Sponsored by Assembly Majority Leader Alberto Torrico (D-Fremont), AB 656 would place a severance tax on oil companies and divert revenues toward higher education. "It is strategic for us to focus resources in Sacramento, because that's where the negotiations are happening," Sanchez said. "But we also understand that we're fighting a two-front war and need to hold both the Legislature and the administration responsible.
"At the end of the day, it is our event and our day of action," he continued. "We made it clear we aren't going to change our demands. We stand in solidarity with the March 4 organizers. We're all advocating a common goal, and folks are going to apply complementary pressure. Our end goal is prioritizing education, and we need to move forward with that collective mentality."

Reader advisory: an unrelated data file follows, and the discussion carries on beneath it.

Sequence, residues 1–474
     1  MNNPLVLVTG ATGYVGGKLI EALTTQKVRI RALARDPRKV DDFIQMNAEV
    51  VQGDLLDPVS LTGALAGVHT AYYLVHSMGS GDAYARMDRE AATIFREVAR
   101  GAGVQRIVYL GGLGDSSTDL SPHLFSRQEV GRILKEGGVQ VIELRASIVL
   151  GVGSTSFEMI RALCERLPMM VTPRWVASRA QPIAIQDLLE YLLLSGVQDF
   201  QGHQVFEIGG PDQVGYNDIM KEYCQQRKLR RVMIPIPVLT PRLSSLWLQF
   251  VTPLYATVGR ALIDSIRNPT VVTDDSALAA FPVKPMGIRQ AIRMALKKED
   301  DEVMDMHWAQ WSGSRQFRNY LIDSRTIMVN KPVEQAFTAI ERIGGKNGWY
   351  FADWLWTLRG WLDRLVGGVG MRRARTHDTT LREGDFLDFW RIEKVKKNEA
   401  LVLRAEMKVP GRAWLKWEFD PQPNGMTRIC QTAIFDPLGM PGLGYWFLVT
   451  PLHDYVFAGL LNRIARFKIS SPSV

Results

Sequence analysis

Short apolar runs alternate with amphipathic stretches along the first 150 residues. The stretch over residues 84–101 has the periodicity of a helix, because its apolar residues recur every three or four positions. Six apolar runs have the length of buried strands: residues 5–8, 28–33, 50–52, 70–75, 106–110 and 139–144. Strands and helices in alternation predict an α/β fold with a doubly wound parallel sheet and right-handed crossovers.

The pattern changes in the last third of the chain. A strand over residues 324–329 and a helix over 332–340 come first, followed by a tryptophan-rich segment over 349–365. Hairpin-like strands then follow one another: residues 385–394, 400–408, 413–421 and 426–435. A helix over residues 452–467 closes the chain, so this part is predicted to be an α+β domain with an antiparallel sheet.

If all this seems confusing, that's because it is. The groups that have formed in reaction to cuts to public education are numerous, amorphous, and have slightly different agendas. Some subscribe to the position that the fault and solution primarily rests in Sacramento, while others argue that the administration and appointed, rather than elected, regents are to blame. Most agree with Sanchez that both are part of the problem.
As community organizers build toward March 4, it is clear that the day will be significant. The real question is, if students can maintain their momentum and their newfound network with other sectors of public education, what will happen on March 5 and beyond?